“I certainly understand USA Swimming needed to take action,” Bowman said. “We will certainly abide by everything they’ve put down.”

    Phelps had planned to compete in early March at a Grand Prix meet in Austin, Texas.

    Now, he won’t be able to take on any rivals until early May, which would give him a little more than two months of competition before July’s world championships in Rome.

    “This is the result of a poor decision Michael made,” U.S. Olympic Committee spokesman Darryl Seibel said in an e-mail. “He understands there is accountability and has pledged to not repeat this in the future. We have offered our assistance to make certain he is as consistent and successful away from the pool as he is in it, and we are confident that will happen.”

    After the suspension, Phelps would be able to compete at a May meet in Charlotte, N.C.; there’s another Grand Prix competition in Santa Clara, Calif., the following month. The U.S. team for Rome will be chosen at the national championships July 7-11 in Indianapolis.

    “He’s been very good in practice,” Bowman said. “I think he feels good to be back in the water. Certainly, he’s not in very good shape.

    “We’re anxious to get back to a really normal routine and we have. We’re moving on.”

    Several of Phelps’ Olympic teammates rallied to his defense. Among them was Dara Torres, the 41-year-old silver medalist whom Phelps jokingly referred to in Beijing as “Mom.”

    “I see him as a kid trying to grow up in the most intense spotlight known to any athlete
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    Feb 06, 2009 5:48 PM GMT
    Nice. Plenty of time for Mike to take a vacation in Jamaica!

    I wanna be wanna be like Mike.
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    Feb 06, 2009 7:17 PM GMT
    On top of the suspension the So. Carolina Sherriff is looking into leveling charges against him as well. Misdemeanor charges, criminal charges none the less.

    Poor thing. He is learning one of lifes tough lessons.

    Not everyone that you hang out with is your friend and have the best intentions.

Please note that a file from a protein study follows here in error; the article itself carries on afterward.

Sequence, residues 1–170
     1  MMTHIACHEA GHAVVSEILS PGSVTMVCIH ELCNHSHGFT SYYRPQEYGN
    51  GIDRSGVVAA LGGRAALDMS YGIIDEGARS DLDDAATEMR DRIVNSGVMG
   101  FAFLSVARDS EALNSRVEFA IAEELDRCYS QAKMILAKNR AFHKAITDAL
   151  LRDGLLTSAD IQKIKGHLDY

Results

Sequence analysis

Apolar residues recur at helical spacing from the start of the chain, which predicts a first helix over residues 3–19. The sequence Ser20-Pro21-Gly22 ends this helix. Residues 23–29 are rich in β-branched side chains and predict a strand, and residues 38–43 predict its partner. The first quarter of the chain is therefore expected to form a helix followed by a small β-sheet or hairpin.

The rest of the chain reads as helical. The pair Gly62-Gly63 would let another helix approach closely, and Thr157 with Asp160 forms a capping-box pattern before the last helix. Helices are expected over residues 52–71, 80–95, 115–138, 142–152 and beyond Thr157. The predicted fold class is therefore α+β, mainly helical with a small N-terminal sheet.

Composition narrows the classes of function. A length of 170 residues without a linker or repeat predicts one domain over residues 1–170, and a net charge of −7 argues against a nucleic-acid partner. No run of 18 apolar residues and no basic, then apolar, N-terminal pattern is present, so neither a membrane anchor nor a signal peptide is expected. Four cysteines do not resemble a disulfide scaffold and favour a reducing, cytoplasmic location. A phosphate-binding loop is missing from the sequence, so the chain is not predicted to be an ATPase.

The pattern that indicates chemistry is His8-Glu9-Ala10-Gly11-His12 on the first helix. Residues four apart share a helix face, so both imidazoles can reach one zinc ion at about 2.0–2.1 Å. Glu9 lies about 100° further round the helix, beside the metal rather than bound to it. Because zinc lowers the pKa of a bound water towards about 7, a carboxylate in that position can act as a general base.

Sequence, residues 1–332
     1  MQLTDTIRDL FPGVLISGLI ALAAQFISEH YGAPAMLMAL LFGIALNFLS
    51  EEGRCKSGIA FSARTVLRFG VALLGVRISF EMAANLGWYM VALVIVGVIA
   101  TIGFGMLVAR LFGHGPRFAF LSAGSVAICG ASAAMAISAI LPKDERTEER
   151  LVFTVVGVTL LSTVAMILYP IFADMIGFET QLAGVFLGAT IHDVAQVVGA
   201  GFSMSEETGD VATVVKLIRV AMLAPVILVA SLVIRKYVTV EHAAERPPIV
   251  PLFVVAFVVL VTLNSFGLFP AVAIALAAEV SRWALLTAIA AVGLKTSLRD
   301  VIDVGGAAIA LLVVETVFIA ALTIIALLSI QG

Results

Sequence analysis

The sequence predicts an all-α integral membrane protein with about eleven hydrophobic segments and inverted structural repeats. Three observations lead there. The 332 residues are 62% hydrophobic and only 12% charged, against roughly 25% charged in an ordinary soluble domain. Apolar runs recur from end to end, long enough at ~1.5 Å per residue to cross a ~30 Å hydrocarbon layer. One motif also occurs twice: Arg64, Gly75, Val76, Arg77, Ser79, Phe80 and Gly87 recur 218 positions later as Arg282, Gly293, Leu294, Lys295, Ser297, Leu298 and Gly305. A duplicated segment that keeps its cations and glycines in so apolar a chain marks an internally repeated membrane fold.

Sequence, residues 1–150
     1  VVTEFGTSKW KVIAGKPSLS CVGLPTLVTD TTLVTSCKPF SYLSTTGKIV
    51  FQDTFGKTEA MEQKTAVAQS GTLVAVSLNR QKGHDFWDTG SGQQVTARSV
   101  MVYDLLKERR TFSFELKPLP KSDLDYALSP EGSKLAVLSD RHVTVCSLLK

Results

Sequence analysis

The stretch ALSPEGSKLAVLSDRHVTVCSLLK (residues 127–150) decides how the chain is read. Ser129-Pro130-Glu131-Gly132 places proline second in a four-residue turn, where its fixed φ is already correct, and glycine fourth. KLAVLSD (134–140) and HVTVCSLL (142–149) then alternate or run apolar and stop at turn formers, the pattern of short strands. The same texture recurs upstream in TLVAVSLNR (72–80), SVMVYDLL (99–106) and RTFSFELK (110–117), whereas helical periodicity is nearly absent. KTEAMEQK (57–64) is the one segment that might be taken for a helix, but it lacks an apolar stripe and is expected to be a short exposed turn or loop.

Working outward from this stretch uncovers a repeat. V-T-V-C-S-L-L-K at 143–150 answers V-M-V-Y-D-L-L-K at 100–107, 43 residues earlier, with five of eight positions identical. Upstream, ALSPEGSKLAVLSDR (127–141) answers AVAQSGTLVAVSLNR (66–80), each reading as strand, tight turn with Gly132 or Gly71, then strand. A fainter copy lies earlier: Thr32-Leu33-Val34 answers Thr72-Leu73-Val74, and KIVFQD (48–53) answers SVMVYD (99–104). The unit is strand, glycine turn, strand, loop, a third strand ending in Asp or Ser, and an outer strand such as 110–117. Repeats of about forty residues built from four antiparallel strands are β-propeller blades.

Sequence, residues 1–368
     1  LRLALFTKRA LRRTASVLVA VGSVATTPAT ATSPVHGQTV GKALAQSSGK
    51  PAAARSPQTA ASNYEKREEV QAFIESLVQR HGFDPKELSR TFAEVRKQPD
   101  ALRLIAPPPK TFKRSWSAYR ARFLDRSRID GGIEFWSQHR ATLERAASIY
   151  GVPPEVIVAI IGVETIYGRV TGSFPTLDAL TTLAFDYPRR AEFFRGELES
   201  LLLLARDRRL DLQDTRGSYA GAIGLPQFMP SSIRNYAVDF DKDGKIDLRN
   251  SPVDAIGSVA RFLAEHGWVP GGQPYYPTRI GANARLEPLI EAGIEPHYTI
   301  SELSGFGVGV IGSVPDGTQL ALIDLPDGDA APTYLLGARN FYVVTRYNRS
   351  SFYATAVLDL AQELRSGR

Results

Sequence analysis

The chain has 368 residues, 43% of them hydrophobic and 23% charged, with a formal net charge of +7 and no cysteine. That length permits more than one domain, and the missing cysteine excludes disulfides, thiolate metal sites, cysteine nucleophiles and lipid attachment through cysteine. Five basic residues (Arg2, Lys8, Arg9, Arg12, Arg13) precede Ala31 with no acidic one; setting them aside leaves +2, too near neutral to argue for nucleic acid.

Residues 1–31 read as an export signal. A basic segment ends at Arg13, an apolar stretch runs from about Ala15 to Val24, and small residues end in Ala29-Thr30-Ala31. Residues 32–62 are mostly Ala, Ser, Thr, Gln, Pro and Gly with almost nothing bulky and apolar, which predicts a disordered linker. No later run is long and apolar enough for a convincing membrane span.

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    Feb 06, 2009 7:31 PM GMT
    Phelps knows that next time he won't let himself get caught. That was his "bad judgment." LOL. I assure you that's his biggest regret.

    What a fucked up mess of hypocrites. That's what happens when you let a bunch of religious nuts pass stupid laws.

    8 MILLION folks DIE, annually, needlessly, from obesity, and there's all the fluff / fuss over an Olympic athlete / 23 year old taking a hit.

    It's not about saving lives. It's not about right and wrong. It's about conformance and control by a bunch of false-belief believing nuts who are punitive to those who lives their lives in a different way.

    It goes beyond obscene that on any given day over 85% of all folks in jail (of over 2 MILLION in jail) are there for non-violent drug offenses. Until just recently, 1 in 4, black men was in jail on ANY GIVEN days.

    It screams about a broken system where some nuts have been politically active and everyone has laid down and taken it.

    If Phelps drug of choice had been alcohol, or even tobacco, there would have been no foul, but, since he choose a little pot, knowing, as any clear-thinking person would, that it's a lot safer, he gets kicked in the ass.

    His biggest regret is getting caught. The lesson it teaches is don't get caught. He regrets losing the endorsement, but, I'm sure he doesn't regret that he has a few hits now and then.